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By | August 15, 2001

      The once dominant terrestrial networks are losing money in the satellite networks. Recently returned from Japan, Chris Forrester asesses the market

      Ariane’s July 12 loss of Japan’s BSAT-2b DBS satellite will not harm the country’s DBS/DTH growth. Thankfully the satellite was intended as an in-orbit spare for Broadcast Satellite System of Tokyo. Its twin, BSAT-2a, built by Orbital Sciences Corp of Dulles, Virginia was successfully put into orbit in March. Orbital says the lost bird can be replaced in about 18 months.

      Despite suffering its own economic pressures, Japan has so far managed to avoid the advertising downturn that has so badly impacted on broadcasting in the UK, the United States and Europe. In fact Japanese TV ad-income to its 45.8 million TV households is currently up, with forecasts for the rest of 2001 being either flat or cautiously optimistic. But that hasn’t helped Japan’s ‘big three’ television companies (Fuji, Nippon and Tokyo Broadcasting Co-TBS) all of which have seen stock prices fall by as much as 25 per cent in the period from March to the end of June. Morgan Stanley says that it can foresee no positive factors that could “ignite any upswing in [TV station] shares over the near term.”

      Meanwhile, the multi-channel sector has never been healthier and is forecast to further expand to some 60 per cent penetration of Japan’s homes by 2010. Japan’s satellite and multi-channel scene is complex, not helped by the transfer of services from analogue to digital, consolidation between past satellite competitors, some channel closures and new start-ups from fierce terrestrial rivals.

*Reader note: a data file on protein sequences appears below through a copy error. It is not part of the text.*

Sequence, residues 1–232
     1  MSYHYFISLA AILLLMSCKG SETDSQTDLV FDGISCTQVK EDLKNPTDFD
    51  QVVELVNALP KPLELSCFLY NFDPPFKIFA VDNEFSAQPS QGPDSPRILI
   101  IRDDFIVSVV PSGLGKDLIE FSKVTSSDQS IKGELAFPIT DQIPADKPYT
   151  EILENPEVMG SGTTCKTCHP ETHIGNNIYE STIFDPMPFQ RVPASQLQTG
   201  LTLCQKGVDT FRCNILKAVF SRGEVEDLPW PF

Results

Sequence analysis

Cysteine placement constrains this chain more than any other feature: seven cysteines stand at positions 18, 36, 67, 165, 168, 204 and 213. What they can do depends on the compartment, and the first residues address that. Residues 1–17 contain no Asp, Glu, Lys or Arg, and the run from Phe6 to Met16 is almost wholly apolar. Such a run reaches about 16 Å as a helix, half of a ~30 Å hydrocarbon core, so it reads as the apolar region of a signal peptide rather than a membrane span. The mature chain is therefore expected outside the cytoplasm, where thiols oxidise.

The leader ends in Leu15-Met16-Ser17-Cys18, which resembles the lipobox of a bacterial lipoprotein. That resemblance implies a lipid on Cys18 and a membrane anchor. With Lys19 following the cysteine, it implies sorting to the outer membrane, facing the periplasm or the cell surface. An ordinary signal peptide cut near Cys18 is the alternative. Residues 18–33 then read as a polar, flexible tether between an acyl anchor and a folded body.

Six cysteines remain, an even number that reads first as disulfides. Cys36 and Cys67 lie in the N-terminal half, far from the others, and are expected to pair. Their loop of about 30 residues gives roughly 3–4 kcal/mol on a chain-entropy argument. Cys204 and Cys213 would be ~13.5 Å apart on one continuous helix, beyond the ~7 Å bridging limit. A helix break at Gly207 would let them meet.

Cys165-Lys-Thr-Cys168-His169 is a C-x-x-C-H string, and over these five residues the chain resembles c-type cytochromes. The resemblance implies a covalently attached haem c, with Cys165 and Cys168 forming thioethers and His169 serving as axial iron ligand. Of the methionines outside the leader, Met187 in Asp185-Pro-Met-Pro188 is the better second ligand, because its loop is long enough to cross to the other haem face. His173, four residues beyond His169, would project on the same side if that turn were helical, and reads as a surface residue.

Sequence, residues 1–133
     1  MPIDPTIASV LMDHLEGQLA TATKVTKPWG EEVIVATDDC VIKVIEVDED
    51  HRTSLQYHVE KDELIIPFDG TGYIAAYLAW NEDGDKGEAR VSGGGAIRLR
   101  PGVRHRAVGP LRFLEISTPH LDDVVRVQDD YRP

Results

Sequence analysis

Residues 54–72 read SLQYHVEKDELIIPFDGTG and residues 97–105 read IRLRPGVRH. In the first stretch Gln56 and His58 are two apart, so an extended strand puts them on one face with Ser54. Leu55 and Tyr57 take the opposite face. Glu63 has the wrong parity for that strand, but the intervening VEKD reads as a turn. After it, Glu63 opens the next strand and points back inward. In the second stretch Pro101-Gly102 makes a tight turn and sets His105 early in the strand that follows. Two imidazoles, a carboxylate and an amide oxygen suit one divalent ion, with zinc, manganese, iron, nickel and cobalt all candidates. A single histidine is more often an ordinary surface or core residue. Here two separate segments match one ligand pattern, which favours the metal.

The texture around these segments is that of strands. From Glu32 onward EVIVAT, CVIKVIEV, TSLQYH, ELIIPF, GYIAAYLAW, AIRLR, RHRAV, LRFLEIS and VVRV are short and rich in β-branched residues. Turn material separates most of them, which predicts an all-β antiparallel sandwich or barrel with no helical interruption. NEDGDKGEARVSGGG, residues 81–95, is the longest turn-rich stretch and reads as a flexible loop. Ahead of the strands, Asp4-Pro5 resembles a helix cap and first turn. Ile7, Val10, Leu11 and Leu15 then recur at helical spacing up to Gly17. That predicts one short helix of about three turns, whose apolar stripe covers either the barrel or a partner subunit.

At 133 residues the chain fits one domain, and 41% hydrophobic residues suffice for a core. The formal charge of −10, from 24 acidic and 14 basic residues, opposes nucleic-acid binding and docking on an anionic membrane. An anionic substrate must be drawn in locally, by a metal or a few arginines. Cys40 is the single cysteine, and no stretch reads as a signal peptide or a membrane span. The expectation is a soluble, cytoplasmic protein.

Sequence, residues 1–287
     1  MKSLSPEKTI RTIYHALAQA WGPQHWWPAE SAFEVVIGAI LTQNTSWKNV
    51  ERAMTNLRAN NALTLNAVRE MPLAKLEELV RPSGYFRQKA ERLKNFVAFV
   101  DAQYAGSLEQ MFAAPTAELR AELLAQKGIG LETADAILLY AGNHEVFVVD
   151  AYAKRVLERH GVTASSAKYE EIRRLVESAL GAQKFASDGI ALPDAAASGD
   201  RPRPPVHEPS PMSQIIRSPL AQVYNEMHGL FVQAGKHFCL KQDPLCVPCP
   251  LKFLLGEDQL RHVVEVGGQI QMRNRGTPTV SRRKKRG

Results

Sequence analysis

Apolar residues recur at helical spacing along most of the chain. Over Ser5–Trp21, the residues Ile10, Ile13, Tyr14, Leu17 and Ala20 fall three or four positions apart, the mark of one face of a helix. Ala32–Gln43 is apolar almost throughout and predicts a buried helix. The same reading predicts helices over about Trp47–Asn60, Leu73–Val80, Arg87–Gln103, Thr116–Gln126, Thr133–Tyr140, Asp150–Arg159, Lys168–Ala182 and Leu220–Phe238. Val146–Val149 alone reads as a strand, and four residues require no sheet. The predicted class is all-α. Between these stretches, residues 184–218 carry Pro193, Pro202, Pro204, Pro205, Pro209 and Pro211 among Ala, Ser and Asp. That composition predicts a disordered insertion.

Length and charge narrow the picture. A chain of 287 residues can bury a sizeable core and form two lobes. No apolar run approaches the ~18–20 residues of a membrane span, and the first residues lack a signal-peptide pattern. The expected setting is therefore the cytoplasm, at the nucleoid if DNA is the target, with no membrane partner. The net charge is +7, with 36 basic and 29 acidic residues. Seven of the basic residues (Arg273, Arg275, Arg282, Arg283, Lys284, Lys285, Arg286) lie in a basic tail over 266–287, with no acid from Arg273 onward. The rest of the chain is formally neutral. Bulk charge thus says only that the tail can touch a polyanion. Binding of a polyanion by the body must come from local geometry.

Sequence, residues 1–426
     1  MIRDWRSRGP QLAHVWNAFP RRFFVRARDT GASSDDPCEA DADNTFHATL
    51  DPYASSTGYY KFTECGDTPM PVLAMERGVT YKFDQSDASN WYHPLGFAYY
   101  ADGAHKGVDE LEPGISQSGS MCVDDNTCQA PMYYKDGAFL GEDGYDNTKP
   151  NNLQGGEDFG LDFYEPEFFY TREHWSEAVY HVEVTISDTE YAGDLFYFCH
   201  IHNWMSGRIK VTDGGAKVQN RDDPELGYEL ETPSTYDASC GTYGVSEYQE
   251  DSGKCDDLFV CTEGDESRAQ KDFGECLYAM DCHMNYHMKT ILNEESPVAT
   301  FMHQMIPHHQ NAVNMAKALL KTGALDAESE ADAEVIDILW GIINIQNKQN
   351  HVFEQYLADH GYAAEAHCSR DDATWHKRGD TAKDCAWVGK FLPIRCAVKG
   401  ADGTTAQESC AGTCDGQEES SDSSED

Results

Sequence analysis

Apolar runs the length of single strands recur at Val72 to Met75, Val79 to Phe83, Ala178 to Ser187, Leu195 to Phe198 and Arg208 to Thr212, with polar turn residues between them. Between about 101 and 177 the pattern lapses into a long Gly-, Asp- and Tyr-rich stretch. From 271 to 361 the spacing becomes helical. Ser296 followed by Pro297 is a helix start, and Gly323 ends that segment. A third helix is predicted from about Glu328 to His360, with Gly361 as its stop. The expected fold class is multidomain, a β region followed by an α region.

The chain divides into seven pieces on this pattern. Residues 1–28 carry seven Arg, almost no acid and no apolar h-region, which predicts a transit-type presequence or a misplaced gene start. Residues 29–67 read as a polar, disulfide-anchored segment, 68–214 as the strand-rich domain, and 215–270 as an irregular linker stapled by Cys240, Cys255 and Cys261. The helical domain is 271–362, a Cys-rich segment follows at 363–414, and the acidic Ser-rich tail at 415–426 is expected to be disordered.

Japan’s core terrestrial broadcasters are all investing (read, losing heavily) significant sums in satellite and cable channels and still have to fund digital terrestrial. Some broadcasters have readied digital studios, but others have still to break turf on their digital plans. Fuji TV, for example, once dominated the terrestrial ratings and has a huge inventory of programming that it is now re-shaping into thematic channels with an investment in satellite broadcasting. However, its digital/thematic losses are already placed at Y3.7 billion (E34 million) last year, and predicted to top Y9 billion by the time the exercise gets close to breakeven.

      These investments are already hitting its core profitability, and it’s the same story over at Nippon Television and TBS. Japan’s first ever licensed broadcaster, Nippon, is market leader having topped the ratings every year since 1993, although there are signs this domination might now be slipping. Worse, perhaps, is Nippon’s reluctance to whole- heartedly embrace multi-channel. It has a 10 per cent stake in a satellite venture and is building a new digital broadcast centre for readiness in 2003. Rival TBS, although third in viewership, is further ahead with digital. It built a digital facility back in 1994 and is heavily involved in satellite through the Sky Perfect and NHK-backed Broadcast Satellite (BS) multi-channel operations. It has already announced an increased spend on local production, especially in daytime and drama.

      The country’s cable operators have achieved a 23 per cent penetration (expected to grow to 36 per cent by 2010), while NHK-backed Broadcast Satellite (BS) has a 24 per cent penetration, or 10.7million homes helped by cable distribution, predicted to grow to 60 per cent overall by 2010. BS is growing by 33,000-64,000 homes a month, depending on the season. What is termed locally as “communication satellite-CS” and elsewhere would be straightforward DTH, currently has a 6 per cent share, and is expected to grow to 13 per cent by 2010. CS now means SkyPerfecTV, the merged Sky and DirecTV outfits, which currently enjoys 2.692m subscribers (individual and corporate) and growing by a net 31,000-77,000 a month dependent on season. News Corp holds a 9.9 per cent slice of SkyPerfecTV and other major investors include Itochu, Softbank, Sony and Fuji TV.